Connected Intelligence

Common Sense Connected Intelligence for 2020

When it comes to Connected Intelligence technologies like #Mobile, #5G and the #InternetOfThings, I’m all about moving the “Value Needle” as quickly, easily and sustainably as possible. #IoT #IIoT

This means following the same strategy you use when taking a big test. Do the easy stuff first and leave the hard things for later. So how does that apply to connecting your organization’s people and things to drive additional value? Read on as I illustrate some simple examples to get you started this year:

Remote Knowledge

People doing remote work in the field still capture information with a paper and pencil. Then they drive back to the office at the end of the workday to transcribe their scribbled data into their organization’s back office computer system along with a dose of human error. I know you’re thinking this is impossible in the 21st century but I see it all the time. Thanks to the magic of cellular data networks combined with smartphones, tablets and smart, connected IoT devices, this inefficient activity can come to an end.

If the remote activity requires dynamic, person-to-person interaction, data should be captured and validated by a smartphone or tablet app and wirelessly transmitted back to the organization. If the remote activity is an inspection that consists of taking an analog reading, drop the clipboard and utilize one or more sensors to convert analog values to digital equivalents and wirelessly transmit the data back to the organization. While newer machines may include the built-in compute, networking, storage and sensors to get the job done, most of the world is filled with older machines that must be retrofitted with these capabilities. If retrofitting isn’t possible, then visual inspection of an asset can be conducted by a fixed or mobile camera where the photo transmitted back to the organization and computer vision converts the analog image to digital values. 

How does this move the Value Needle?

This is the simplest first step you can take in augmenting and/or replacing an expensive activity with connected intelligence. Without employing analytics, you cut costs by reducing or eliminating remote activities that include travel, vehicles, and fuel expenses just to name a few. You lower your risk and liability by reducing the need to put people in vehicles or having them perform inspections in precarious or otherwise dangerous situations. You gain speed and agility through the instant availability of data allowing your organization to respond to problems and opportunities more quickly.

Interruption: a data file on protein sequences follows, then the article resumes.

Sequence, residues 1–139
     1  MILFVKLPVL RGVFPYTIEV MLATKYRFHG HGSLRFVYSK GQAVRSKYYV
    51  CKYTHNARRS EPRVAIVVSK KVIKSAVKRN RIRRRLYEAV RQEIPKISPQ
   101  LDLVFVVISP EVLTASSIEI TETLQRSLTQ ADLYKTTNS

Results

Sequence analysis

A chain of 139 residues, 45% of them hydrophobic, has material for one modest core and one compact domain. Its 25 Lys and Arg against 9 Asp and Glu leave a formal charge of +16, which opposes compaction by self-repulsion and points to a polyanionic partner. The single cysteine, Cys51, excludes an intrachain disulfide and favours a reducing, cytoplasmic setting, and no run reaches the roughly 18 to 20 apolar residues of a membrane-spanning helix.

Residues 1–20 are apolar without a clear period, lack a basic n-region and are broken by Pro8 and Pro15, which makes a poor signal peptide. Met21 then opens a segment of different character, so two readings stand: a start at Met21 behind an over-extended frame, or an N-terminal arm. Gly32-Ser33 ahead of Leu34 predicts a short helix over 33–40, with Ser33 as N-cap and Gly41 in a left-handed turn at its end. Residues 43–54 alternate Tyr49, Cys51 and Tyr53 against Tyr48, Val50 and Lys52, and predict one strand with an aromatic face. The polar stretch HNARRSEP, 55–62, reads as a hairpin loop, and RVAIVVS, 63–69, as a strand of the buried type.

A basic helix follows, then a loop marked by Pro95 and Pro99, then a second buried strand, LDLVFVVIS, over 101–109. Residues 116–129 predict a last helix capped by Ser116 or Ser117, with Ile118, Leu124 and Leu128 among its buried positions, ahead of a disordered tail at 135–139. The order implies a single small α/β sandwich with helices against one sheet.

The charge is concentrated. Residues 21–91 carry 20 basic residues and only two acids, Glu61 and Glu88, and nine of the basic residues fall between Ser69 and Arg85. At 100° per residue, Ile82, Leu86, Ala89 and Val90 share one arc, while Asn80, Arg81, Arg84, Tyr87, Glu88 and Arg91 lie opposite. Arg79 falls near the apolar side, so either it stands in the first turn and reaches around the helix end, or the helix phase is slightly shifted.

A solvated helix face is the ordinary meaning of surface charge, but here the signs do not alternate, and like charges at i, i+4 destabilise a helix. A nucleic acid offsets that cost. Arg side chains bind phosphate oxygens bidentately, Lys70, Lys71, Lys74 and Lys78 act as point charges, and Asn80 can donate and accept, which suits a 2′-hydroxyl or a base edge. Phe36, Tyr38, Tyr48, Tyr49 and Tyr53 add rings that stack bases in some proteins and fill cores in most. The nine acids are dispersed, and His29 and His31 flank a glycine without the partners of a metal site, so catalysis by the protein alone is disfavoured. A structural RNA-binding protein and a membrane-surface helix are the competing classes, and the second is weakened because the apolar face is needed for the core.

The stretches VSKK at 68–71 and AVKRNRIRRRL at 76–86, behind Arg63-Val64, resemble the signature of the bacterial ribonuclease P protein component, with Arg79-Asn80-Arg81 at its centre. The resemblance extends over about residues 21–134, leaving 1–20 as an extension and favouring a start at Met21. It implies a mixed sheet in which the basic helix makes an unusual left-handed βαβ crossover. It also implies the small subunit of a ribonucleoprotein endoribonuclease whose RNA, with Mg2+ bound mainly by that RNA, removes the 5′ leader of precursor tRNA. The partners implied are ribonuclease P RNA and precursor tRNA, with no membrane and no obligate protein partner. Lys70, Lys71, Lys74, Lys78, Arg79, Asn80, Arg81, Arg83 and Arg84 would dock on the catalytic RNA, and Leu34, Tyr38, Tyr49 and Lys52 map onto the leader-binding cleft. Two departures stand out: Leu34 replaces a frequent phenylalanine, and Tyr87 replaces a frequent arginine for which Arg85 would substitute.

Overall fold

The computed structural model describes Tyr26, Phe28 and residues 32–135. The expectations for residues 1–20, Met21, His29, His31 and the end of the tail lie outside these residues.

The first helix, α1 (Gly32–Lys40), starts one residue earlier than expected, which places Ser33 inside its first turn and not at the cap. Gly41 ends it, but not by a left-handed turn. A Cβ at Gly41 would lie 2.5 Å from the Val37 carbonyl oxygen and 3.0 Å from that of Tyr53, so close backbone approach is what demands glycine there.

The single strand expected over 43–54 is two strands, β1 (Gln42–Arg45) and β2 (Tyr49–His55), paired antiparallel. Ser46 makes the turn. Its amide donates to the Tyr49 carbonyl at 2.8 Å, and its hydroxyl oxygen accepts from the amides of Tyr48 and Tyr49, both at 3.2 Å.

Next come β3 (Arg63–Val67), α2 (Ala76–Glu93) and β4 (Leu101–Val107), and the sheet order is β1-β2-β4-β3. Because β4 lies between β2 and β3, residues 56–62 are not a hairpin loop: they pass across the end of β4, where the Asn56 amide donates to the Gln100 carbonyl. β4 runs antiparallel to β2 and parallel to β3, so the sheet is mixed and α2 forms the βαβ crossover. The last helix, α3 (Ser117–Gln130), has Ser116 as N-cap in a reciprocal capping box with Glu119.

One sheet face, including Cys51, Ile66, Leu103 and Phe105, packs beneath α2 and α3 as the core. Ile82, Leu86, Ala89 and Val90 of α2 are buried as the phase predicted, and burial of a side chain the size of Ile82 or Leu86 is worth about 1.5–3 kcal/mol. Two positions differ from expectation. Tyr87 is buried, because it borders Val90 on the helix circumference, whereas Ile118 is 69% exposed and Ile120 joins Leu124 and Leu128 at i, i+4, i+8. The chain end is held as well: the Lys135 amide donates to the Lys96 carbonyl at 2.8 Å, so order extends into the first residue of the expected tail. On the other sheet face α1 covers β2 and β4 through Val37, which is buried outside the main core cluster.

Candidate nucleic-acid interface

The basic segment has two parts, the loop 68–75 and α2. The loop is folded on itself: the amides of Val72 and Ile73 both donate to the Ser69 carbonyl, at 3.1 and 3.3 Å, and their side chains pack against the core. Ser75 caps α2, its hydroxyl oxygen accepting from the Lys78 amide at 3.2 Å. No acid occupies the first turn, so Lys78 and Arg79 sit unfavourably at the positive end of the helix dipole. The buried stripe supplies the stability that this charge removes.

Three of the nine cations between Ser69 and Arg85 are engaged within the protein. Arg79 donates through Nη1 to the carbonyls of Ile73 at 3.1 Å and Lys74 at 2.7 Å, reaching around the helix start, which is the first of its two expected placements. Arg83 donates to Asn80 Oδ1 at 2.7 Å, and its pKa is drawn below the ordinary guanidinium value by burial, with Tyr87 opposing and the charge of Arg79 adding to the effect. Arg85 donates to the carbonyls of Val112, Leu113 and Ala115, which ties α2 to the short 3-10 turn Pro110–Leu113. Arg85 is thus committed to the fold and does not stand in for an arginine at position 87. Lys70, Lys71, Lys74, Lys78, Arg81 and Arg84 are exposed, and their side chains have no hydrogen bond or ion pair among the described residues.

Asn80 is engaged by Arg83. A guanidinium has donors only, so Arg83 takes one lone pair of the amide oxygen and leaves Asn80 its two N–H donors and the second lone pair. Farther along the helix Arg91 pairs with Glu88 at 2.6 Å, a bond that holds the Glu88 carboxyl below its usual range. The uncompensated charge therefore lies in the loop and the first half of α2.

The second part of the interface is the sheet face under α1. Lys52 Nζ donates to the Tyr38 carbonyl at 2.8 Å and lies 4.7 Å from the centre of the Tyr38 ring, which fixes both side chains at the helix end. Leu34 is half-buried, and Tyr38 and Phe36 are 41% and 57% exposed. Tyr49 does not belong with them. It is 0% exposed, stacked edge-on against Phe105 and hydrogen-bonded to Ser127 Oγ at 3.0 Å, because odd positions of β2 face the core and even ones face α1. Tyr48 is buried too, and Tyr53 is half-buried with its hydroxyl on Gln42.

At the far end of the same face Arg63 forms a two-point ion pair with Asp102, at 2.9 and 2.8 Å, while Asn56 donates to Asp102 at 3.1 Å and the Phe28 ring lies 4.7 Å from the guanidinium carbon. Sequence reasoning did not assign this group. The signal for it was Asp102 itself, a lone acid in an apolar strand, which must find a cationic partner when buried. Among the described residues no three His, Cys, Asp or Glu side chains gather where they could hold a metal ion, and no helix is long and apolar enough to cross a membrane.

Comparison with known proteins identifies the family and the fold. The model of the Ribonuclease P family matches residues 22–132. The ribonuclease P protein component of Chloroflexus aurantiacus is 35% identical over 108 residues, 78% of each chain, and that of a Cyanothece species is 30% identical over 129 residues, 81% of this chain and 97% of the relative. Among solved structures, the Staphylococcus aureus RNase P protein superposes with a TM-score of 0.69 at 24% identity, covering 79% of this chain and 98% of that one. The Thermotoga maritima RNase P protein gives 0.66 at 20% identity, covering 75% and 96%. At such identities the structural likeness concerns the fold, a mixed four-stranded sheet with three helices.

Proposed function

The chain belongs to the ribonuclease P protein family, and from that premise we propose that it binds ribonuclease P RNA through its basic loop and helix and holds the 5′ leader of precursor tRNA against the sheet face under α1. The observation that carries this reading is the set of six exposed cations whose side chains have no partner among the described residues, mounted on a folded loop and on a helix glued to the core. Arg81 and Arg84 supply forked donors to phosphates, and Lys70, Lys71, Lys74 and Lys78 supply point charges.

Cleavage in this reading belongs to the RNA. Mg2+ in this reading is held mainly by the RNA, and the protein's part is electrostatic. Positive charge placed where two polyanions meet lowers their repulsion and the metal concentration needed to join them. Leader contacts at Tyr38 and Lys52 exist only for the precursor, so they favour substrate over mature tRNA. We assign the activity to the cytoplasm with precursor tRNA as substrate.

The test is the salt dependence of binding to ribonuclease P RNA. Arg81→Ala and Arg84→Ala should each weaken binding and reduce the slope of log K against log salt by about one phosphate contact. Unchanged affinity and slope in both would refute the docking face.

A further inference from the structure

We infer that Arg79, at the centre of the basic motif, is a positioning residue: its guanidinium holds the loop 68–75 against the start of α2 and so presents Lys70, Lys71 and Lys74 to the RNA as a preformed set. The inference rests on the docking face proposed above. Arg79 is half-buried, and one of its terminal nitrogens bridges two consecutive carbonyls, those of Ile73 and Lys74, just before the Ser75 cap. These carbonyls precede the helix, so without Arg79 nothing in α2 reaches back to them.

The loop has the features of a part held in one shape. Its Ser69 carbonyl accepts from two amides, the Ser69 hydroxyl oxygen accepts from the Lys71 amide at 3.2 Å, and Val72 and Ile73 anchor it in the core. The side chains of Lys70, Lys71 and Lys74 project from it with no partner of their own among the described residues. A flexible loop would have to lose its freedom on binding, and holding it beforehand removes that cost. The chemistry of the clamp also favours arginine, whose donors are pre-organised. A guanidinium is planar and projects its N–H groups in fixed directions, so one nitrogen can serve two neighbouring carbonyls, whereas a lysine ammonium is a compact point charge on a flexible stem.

Connecting Old Things

While we’re all excited about what the future holds, it’s important to interface with the world as it exists in the present. The overwhelming majority of the Things that are all around us have existed for years or even decades. In order to derive valuable insights from these operational technology (OT) machines and environmental systems, you’ll have to connect to them in often unfamiliar ways and learn how to speak their language. Achieving broad success requires you to be comfortable with brownfield projects. In many scenarios you’ll find yourself using low-speed serial cables and communicating via 100+ wire protocols and data formats.

You better have your Rosetta Stone handy. Don’t be surprised if you must interface with a programmable logic controller (PLC) instead of connecting to a machine directly. Oftentimes, the OT folks in factories won’t let you get near their machines. If you want to be successful, you’ll have to make peace with this OT/IT reality.

How does this move the Value Needle?

Many of these existing systems are either unconnected or connected to a closed system often built by the same manufacturer. Imagine dozens of machines on the shop floor individually connected to their own, proprietary analytics systems. By freeing the data found in these systems, you go from having countless data silos to a achieving a blend of machine, environmental, organizational and 3rd party data. This delivers much needed context and allows you to see the big picture across systems of systems to make better decisions.

Bootstrapping New Things 

You know how all the industry analysts throw darts at a board and tell you about the tens of billions of connected devices we’ll have in the coming years? They keep having to backtrack on these predictions because of one very important reason. Bringing the Internet of Things to life is still largely a very manual process of configuring devices, networks, code, platforms and security. IoT today operates like one big aftermarket car stereo store. For the Internet of Things to be the huge success we all want it to be, we have to remove many of these manual processes and leave custom work to those targeting specific use cases.